MCCESC Teaching & Learning

November: Planning Instruction for the Whole Child

Why?

Per the OTES 2.0 Rubric, the following describes how an accomplished teacher plans instruction for the whole child:


The teacher’s instructional plan reflects consistent connections to student experiences, culture and developmental characteristics. These may include prior learning, abilities, strengths, needs, individual talents, backgrounds, skills, language proficiency and interests. The instructional plan draws upon input from school professionals and outside resources.


This component of the rubric also relates back to Ohio's Strategic Plan of "Each Child, Our Future: In Ohio, each child is challenged to discover and learn, prepared to pursue a fulfilling post-high school path and empowered to become a resilient, lifelong learner who contributes to society."

The Whole Child Framework

Where to Begin? Get to Know Your Students

How well do you know your students? Not just their academic abilities, but their experiences outside of the classroom. Do you know their family dynamics? Do you know their cultural expectations and religious beliefs?


We are not suggesting you spend hours researching, but do spend time asking or interviewing your students so that you can better understand with which assets they are coming into your classroom.


Consider conducting individual student interviews or eliciting information through a questionnaire. Incorporating these questions into content activities will allow you to learn about students while teaching - use these ideas from Edutopia for inspiration. Student interest surveys could be conducted through Google or Microsoft Forms, which would allow you to sort the results into a usable inventory when planning instruction.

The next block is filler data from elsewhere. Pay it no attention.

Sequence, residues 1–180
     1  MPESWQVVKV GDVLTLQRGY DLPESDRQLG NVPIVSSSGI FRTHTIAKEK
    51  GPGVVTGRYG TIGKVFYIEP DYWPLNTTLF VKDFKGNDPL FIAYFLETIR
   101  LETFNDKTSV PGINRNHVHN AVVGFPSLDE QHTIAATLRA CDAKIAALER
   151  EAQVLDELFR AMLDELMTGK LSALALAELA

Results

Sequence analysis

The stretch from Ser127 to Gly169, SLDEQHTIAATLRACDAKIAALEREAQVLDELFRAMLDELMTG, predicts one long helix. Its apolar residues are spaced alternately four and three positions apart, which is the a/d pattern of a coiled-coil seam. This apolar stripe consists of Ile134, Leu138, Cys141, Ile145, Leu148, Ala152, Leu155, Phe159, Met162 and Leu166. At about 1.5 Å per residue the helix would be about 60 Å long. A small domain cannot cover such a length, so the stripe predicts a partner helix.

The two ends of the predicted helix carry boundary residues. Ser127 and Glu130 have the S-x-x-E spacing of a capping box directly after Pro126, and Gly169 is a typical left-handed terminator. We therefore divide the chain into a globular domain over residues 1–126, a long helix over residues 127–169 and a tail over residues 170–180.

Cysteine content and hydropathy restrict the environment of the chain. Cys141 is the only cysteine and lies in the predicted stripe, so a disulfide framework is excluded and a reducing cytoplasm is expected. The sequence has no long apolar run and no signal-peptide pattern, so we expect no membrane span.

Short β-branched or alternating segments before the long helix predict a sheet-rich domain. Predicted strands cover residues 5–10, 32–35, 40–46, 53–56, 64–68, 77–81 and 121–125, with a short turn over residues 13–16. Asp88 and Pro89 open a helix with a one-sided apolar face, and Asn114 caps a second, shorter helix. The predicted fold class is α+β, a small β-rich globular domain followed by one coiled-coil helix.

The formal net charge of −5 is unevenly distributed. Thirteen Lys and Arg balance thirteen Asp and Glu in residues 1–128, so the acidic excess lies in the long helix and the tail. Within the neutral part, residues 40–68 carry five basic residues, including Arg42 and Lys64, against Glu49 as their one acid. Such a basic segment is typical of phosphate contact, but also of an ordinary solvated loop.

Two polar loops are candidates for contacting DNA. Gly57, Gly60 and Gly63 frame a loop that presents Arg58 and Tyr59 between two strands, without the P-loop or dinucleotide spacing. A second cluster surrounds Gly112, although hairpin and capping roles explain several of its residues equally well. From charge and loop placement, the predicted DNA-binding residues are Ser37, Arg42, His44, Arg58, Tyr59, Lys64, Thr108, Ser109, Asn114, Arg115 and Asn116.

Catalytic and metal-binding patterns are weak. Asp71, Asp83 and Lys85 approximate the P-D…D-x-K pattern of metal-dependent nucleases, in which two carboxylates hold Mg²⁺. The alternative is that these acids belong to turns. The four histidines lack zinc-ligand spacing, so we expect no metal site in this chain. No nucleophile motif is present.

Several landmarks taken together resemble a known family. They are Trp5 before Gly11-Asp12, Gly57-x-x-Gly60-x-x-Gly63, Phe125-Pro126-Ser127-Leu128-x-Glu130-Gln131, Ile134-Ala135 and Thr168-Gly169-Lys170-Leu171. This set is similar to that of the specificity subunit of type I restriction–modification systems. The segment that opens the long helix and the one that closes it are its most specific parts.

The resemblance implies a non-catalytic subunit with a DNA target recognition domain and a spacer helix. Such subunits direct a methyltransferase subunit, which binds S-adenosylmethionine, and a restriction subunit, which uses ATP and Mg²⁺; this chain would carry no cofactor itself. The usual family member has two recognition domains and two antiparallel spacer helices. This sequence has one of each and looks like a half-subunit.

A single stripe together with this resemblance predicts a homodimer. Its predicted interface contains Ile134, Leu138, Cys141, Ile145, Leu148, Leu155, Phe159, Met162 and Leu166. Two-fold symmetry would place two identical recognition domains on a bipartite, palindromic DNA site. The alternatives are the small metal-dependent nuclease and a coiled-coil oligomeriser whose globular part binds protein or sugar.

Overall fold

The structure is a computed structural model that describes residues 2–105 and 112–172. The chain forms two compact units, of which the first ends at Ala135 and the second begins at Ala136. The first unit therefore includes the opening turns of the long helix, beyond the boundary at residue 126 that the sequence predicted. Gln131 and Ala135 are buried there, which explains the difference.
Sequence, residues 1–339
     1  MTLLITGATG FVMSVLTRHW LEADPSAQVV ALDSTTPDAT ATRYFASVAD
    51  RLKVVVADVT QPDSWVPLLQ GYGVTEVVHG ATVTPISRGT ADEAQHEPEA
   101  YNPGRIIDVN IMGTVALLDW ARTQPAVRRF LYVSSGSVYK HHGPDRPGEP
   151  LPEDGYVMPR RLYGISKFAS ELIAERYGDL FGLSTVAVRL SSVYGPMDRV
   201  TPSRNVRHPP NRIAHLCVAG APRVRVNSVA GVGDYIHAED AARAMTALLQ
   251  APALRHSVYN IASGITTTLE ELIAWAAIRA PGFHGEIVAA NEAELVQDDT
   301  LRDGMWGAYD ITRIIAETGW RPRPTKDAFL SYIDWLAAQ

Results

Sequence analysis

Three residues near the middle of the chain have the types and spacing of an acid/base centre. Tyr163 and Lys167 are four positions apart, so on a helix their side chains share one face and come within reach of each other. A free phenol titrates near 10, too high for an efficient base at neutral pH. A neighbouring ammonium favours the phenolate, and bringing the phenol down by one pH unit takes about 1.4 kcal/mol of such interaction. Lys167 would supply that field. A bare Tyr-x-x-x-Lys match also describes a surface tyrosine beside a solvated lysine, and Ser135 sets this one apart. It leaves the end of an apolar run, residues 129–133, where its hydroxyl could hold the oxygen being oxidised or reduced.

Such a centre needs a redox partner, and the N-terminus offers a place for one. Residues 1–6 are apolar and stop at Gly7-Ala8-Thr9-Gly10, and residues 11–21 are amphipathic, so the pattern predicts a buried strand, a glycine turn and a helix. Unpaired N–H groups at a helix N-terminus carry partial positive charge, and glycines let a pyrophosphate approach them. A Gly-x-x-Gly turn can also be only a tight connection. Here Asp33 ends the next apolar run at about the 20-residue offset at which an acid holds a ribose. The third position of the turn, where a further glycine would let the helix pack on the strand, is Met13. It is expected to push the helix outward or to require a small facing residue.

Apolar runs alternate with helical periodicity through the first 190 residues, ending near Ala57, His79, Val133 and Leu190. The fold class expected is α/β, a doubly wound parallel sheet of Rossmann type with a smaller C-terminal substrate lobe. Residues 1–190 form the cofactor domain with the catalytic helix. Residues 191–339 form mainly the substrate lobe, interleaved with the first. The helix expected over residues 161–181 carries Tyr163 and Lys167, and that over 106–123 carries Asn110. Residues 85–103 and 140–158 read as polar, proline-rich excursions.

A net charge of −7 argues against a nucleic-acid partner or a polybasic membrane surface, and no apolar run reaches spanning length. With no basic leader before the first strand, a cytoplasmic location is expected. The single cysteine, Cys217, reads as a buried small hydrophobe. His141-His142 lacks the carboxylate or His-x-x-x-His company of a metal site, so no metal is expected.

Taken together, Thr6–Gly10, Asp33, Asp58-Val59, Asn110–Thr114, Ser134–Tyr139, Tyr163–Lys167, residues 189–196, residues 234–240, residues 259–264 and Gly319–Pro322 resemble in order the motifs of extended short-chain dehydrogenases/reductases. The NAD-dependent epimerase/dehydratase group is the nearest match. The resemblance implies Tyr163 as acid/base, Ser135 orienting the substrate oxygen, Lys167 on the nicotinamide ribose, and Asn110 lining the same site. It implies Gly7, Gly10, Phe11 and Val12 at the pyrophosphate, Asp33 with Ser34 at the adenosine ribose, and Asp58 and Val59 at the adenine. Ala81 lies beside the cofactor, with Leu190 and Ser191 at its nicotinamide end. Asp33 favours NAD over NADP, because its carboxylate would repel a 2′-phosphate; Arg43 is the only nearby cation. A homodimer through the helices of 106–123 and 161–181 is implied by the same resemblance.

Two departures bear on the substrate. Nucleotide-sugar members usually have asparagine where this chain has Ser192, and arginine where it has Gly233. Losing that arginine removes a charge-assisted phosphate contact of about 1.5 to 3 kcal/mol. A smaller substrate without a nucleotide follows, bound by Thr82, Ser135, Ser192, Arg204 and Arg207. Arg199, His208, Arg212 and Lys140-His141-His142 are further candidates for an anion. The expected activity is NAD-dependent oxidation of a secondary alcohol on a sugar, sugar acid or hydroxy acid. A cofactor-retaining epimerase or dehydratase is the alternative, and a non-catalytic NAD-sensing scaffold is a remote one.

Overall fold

Continue gathering information from families:

"About My Child" survey

Inclusive Schools Family Survey

Family Welcome Questionnaire

Family Engagement Preferences


The information about your students does not just stop with the student and families, previous years' teachers and school professionals (speech/language pathologists, school counselors, occupational/physical therapists, and specialist teachers) can be valuable resources when it comes to planning instruction. Consider the following questions (which are hyperlinked back to the original sources):

  1. How much did they grow from Fall to Winter and Winter to Spring last year in Reading on benchmark assessments?
  2. What special instruction, interventions, programs did they get and what materials were used?
  3. What was the most effective instructional technique, intervention, material, resource for the student last year and how do you know it was effective?
  4. Is there an IEP (or behavior/transition plan)?
  5. Who has worked successfully with the student in the past?
  6. What are the student's fears and frustrations?
  7. Who are the student's friends?

Now what? Planning next steps

Edutopia suggests that in order to prepare to teach the "whole-child," teachers should "listen to students' interest and concerns, know students on a personal level and attempt to understand their home experiences, model kindness, patience and respect, and tend to students' overall well-being and their emotional and social selves (2018)."


ASCD defines this as ensuring that each child is "healthy, safe, engaged, supported and challenged."


Edmentum has an excellent article that provides strategies for whole-child instruction:


  1. Utilize projects and hands-on opportunities.
  2. Consider the use of cross-curricular units.